Emotional Wellbeing


Mandy Kloppers

6 Ways Life Takes a Toll on Our Bodies

Over time, life can take a serious toll on your body. The process can be so gradual that you might not realize it right away, and the effects can manifest in many different ways. If you’re feeling less productive in daily life, having trouble sleeping or putting up with constant headaches, you might think you’re sick. It could just be time and stress taking place, and the effects can wear your body down in various ways.

1. Tense Muscles

Life involves a lot of stress, and this is a mix of acute periods and long-term chronic stress. As it all adds up, the muscles throughout your body will begin to feel tense. Initially, this response is good because it’s how your body protects itself from pain and injury. However, that’s assuming your muscles get back to a relaxed state once the cause of your stress has passed. Chronic stress will continually keep your muscles in a guarded state, and this will trigger other physical reactions. They include head, neck, and shoulder tension that might trigger headaches and even migraines.

2. Mileage

You might walk over 100,000 miles during the course of your life. That requires strength and stability in your feet and ankles. The impact of walking and running takes place every day, all day, every week. For many people, this can result in foot and ankle injuries at some point or another. More than 95% of all foot and ankle pain heals itself with enough time, but for the most serious injuries, foot or ankle surgery may be necessary. Fortunately, treatment options and the technology involved with these have come a long way in recent decades.

3. Respiratory Matters

It can get harder to breathe with time. Part of that might just be getting old or out of shape, but it could also be stress adding up over the years. Acute stress events, such as someone you love dying, divorce, or losing a job, might trigger breathing difficulties due to constricted airways between your nose and lungs. Stress might also result in hyperventilation, where rapid breathing can manifest into a panic attack.

4. Increasing Weight

Some people are able to manage their weight with the right balance of diet and exercise. However, many aren’t. Over 30% of Americans are obese, and more than 60% are overweight. If you weigh more than is considered healthy, you’re certainly not alone in your struggles. Modern lifestyle and eating patterns factor into this significantly as society has shifted away from active professions like farm and factory work. Instead, a large majority of Americans commute to offices or work remotely from home. With this lack of movement, digestion isn’t as efficient. This, coupled with a diet high in sugar and fat, can result in metabolic syndrome and other consequences.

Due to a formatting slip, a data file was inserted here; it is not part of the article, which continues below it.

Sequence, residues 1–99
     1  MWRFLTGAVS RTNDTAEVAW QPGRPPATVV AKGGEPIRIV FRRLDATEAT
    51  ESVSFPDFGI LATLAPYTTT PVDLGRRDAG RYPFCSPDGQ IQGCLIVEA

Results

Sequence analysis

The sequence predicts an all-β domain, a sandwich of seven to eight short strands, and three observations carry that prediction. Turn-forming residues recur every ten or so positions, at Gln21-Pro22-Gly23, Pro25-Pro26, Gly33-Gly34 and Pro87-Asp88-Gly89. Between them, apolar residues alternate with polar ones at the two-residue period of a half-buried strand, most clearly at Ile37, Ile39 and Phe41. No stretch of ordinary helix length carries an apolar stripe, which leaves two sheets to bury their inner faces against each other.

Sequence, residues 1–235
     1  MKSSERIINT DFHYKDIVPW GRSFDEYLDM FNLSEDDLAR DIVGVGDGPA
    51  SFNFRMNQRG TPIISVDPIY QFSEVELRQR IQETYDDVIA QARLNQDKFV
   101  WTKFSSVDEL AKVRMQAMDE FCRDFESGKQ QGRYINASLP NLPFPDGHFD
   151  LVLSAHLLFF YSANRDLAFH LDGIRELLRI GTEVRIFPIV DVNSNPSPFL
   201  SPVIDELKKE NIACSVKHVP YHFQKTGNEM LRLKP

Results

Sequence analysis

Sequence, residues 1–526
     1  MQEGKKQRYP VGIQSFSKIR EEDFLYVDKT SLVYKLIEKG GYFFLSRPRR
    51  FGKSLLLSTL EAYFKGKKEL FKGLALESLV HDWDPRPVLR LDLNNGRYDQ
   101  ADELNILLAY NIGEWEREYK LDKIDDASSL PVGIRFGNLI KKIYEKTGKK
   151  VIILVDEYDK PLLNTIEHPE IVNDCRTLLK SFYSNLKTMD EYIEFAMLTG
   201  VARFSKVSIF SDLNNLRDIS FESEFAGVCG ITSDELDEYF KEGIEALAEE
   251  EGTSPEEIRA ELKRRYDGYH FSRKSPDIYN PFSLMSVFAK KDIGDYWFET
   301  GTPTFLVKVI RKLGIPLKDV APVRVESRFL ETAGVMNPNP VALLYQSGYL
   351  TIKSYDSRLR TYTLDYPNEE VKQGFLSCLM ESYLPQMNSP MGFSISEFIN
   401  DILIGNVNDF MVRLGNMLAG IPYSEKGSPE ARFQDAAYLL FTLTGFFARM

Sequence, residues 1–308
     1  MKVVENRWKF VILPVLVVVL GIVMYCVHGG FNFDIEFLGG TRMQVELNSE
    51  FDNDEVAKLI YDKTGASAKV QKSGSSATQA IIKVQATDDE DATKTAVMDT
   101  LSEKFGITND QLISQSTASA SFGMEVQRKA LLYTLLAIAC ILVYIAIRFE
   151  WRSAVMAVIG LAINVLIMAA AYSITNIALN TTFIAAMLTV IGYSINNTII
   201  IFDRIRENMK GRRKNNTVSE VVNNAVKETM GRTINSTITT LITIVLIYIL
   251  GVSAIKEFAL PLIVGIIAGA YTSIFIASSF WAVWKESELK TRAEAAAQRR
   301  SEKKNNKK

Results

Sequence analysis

5. Gastrointestintal Distress

Life can seem like too much sometimes, and the stress with that might make you eat more than you otherwise would. It could also make you eat less than you normally do. Neither case is particularly healthy. Acid reflux and heartburn can happen, or you might experience stomach nausea, butterflies, and pain. Serious stress can lead to constipation, diarrhea, or vomiting. Chronic stress might even lead to severe stomach pain and ulcers.

6. Sitting Idly

One of the factors in a sedentary lifestyle involves the dangers of sitting. Human bodies are meant to stand upright, and your heart and blood vessels work better when you do. Upright positioning also helps your bowel function. In fact, hospital patients who are bedridden often wind up experiencing issues with bowel functions. Alternatively, physically active people might have better endurance, higher energy levels, and stronger bones. Fortunately, you don’t have to become a serious athlete to counter a sedentary lifestyle. Regular exercise goes a long way.

Final Thoughts

When thinking about your physical health, stress levels, and the various symptoms you might be having, be sure to categorize them appropriately. Many of these might be chronic and should be a reason for a visit to your family physician. However, even acute symptoms, such as shortness of breath and mild chest pain, can indicate a more serious condition. To combat the many ways in which life takes a toll on our bodies, be sure to manage stress levels, eat well, and get active. Your body and mind will thank you!

Scroll to Top